Monday, December 31, 2012

2012: The Year That Changed Everything

If I wanted to cover 2012 with one word, it would be change. I'm at a completely different place than I was twelve months ago. Most of that change was amazing.

2012 will be a year that I'll always remember. My first book came out in March and it's been an unbelievable experience. I was truly humbled by the reaction to the book and all the support it received. Being a part of Sibling Rivalry Press has been a true honor. I'm amazed by all the talent that Bryan Borland is bringing to light. It was a nice surprise to be the top selling book of year for the press. It was also a complete shock when my book made the contemporary poetry best sellers list in August. To be on a list with so many poets I admire was one of the highlights of my year. I hope 2013 will bring more sales and surprises for the book.

It was fitting that I officially launched my book in NYC at the Rainbow Book Fair, because in October I moved to New York. This was a move that took a lot of planning and effort, but has been well worth it. Living here is so different than anywhere else I've lived. I feel like I'm in the right place to keep pushing myself and my work as a poet and teacher. It's been just a little over two months and I'm completely in love.

This year also marked my 30th birthday, which was celebrated here in NYC with my loving partner. I'm actually excited to be 30 and moving into a new decade of my life. It will be a full of new adventures and experiences.

Besides my book, my work has also appeared in numerous magazines, journals, and anthologies throughout the year. My poem "This Side Up" was nominated for a Pushcart for appearing in Among the Leaves: Queer Male Poets on the Midwestern Experience. I'm also nearing completion of a second poetry manuscript called A History of the Unmarried. I'm also currently serving as Poetry Editor for a new literary magazine called Animal. Outside of poetry, my essay "A Tale of Two Closets" about being a gay atheist was accepted for a forthcoming book by Columbia University Press.

In my personal life, I celebrated nine years with my partner, who helped make our move to NYC happen. As I said, most of my year has been good. A lot of work, but good. My mother, however, was diagnosed with a form of leukemia this year, which has been my low point. She's doing well, but it's been challenging for my family.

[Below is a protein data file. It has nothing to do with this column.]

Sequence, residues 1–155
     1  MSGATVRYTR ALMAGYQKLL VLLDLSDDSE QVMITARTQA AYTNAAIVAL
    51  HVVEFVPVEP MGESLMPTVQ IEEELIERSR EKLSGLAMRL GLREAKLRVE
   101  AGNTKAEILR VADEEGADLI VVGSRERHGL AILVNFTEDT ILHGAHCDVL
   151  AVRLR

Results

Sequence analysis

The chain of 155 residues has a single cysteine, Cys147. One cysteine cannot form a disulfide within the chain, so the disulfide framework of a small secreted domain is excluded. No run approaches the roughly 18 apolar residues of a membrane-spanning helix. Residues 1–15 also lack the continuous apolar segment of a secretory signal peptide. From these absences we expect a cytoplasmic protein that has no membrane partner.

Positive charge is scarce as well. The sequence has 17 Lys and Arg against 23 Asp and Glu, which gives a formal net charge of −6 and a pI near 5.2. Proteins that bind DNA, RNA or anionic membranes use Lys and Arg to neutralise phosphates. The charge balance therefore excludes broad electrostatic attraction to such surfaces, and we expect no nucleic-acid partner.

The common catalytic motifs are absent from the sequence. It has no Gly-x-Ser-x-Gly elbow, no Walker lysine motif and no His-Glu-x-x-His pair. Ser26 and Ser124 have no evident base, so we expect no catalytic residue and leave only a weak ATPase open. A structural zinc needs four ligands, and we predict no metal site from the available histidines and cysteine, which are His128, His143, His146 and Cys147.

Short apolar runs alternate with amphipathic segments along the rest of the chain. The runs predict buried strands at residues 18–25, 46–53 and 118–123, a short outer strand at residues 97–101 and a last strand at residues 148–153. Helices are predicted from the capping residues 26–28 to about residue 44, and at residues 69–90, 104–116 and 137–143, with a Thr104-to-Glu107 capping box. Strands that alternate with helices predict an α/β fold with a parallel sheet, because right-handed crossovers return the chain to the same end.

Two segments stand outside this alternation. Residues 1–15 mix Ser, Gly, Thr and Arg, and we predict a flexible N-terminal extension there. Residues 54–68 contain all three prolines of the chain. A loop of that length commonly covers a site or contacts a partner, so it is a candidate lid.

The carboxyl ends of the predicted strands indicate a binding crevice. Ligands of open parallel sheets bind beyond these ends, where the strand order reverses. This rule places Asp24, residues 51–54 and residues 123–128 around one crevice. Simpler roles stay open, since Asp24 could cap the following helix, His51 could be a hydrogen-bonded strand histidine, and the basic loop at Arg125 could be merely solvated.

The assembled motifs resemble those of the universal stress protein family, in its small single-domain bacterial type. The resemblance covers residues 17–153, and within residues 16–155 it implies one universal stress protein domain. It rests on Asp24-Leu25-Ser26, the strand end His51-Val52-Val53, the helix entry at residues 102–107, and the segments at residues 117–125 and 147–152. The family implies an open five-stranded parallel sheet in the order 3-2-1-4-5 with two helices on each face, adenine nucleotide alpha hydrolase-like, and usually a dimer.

In the end, 2012 truly changed my life. Completely. I don't know what 2013 will hold, but I'm ready to find out. I'm here in a city I've always longed to be in for New Year's Eve. I won't be in Times Square, but I'll be celebrating not only the prospect of a new year, but all that I've accomplished in the last one.

Happy New Year!

Stephen (Glass in Hand)

Saturday, December 29, 2012

What I Read in 2012

I've spent the last few years tracking what I read throughout the year. I do this simply by keeping a Word document where I enter each read book. I've enjoyed doing this for a few reasons. It can be interesting to keep track of when you've read particular pieces. We often view a book based on our current state. I like to know that in 2010 I read this book and in 2011 that one. It has also helped motive me to read more. I get a little rush when I add one more book to the list.

2012 was a busy year. It started off with the launch of my own book, He Do the Gay Man in Different Voices, and ended with my move to New York City. Working full time, promoting a new book, planning a big move, and working on a new poetry manuscript took up a lot of my time, but I tried my best to make time for reading.

This year I read 35 books. I'm sure for some of you this is not very many, but overall I'm pleased with the number. It's a bit less than last year, but that's understandable. I hope to read more next year and I think I will.

Here's the books I spent the year reading:


1.     A Radiance Like Wind or Water by Richard Ronan
2.     We the Animals by Justin Torres
3.     God Bless by H. L. Hix
4.     1984 by George Orwell
5.     The Collected Poems by Sylvia Plath
6.     Birthday Letters by Ted Hughes